What athlete Caterine Ibarguen is doing in terms of human achievement is arguably unprecedented, not just in Colombia.
Ibarguen was named the world’s best female athlete by the world athletics association IAAF earlier this month having come from one of her country’s most disadvantaged and war-torn regions.
To understand what Colombia’s legendary athlete has accomplished, it is important to understand where she comes from, Apartado, Antioquia.
Apartado lies in the heart of the banana-growing Uraba region that is among the hardest hit by the country armed conflict and chronic state abandonment.
The extreme violence caused by paramilitaries, guerrillas and the military reportedly affected Ibarguen at an early age. According to ESPN, she was raised by her grandmother after her parents were forced to flee their hometown.
Despite extreme poverty and violence, the young Ibarguen stayed in school where her sports teacher, Wilder Zapata, discovered her talents in athletics and encouraged her to specialize in sports in Medellin.
San Francisco de Asis high school where Ibarguen went to school
Ibarguen left Apartado to for Medellin in 1996 when she was offered the opportunity to received dedicated training and food alongside her secondary education.
When the athlete arrived in Medellin at the age of 12, local crime lord “Don Berna” and militias aligned with the FARC or the ELN, were vying over control over the city that was only just recovering from the terror imposed by drug lord Pablo Escobar.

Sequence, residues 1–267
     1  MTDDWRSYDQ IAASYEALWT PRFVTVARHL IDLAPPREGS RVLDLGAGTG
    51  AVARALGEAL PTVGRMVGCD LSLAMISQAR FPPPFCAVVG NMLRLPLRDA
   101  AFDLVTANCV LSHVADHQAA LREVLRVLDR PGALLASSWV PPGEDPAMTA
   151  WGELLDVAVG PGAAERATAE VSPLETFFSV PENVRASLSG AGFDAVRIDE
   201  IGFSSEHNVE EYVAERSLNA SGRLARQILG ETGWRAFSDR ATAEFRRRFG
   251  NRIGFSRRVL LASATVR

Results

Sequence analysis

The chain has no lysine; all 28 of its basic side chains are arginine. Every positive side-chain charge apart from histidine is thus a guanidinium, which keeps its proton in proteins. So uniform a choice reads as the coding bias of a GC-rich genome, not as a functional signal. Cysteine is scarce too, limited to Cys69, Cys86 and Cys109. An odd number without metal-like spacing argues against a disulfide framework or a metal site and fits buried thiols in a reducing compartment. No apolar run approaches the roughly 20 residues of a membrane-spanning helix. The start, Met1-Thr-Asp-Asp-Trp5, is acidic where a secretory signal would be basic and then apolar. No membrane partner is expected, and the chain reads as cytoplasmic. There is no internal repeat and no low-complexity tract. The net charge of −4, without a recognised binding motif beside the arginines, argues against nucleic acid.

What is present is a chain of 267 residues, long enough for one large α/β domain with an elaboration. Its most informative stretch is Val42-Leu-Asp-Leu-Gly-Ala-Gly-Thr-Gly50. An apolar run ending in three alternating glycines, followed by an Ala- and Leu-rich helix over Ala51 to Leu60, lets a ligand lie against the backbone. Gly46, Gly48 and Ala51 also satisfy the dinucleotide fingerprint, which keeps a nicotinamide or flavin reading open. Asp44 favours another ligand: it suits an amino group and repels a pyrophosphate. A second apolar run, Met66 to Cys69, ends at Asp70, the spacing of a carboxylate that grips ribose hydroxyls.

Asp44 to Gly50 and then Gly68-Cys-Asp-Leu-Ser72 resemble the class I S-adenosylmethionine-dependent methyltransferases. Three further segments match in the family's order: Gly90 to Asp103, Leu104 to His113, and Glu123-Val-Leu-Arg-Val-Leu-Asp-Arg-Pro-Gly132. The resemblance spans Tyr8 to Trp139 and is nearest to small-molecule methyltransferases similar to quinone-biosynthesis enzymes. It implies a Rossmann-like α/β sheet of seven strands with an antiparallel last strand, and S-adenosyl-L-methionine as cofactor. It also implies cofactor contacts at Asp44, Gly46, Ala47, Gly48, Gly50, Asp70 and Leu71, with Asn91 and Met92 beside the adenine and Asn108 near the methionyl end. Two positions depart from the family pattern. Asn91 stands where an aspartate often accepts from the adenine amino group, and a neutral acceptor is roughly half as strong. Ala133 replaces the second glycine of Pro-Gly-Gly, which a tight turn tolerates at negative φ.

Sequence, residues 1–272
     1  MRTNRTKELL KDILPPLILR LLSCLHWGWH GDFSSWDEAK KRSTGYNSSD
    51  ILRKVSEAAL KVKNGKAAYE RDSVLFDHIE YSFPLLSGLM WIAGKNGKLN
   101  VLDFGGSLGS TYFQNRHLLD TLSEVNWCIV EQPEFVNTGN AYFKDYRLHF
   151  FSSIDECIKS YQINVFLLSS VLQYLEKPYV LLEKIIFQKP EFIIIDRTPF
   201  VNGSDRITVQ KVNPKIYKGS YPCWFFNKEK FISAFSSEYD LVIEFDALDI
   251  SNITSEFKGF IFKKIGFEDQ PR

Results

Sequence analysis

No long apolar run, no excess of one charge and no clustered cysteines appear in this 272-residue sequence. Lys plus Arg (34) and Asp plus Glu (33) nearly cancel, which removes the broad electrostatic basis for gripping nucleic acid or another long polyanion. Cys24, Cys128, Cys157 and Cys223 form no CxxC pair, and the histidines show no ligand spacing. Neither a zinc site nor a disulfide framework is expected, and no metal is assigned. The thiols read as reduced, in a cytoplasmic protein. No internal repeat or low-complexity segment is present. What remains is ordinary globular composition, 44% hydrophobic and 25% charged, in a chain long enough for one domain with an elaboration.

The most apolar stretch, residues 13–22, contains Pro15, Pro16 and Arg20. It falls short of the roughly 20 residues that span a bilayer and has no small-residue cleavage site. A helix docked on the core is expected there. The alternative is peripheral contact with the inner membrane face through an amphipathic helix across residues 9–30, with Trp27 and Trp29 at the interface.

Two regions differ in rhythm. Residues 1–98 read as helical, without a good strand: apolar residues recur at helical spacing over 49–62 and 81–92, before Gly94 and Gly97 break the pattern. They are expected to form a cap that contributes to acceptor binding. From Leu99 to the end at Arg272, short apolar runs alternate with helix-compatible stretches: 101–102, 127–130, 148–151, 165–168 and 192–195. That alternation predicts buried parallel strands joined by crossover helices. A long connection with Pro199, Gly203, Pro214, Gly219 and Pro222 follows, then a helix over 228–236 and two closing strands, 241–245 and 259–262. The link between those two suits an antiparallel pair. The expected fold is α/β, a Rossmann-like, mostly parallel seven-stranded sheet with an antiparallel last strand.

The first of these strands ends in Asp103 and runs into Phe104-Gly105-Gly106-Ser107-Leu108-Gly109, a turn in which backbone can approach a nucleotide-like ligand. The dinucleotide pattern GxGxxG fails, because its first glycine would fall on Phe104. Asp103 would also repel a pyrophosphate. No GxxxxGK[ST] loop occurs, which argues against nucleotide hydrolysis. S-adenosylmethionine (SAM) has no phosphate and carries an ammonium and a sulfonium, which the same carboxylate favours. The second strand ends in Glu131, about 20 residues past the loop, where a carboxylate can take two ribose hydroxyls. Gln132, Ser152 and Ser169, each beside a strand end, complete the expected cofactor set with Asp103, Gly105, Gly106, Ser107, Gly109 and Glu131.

Ibarguen continued improving her athletic accomplishments. At 15, she became third in the Youth South American Championships and in 2002 set a new national record in triple jump.
Having finished high school and studying to become a nurse, she became third at the World Championships in Daegu in 2011, bringing home Colombia’s second medal in the history of athletics.
The year later, she won silver at the Olympic Games in London and in 2013 was named the world’s best athlete for the first time. She’s only won gold and silver ever since.
This year, Ibarguen won gold in the long jump and the triple jump categories at the Central American and Caribbean Games. Last year she ended second at the World Championships in London.
At 34, the IAAF called the athlete “the Queen of jumps,” stressing she was unbeaten in triple jump over the past eight Diamond League games.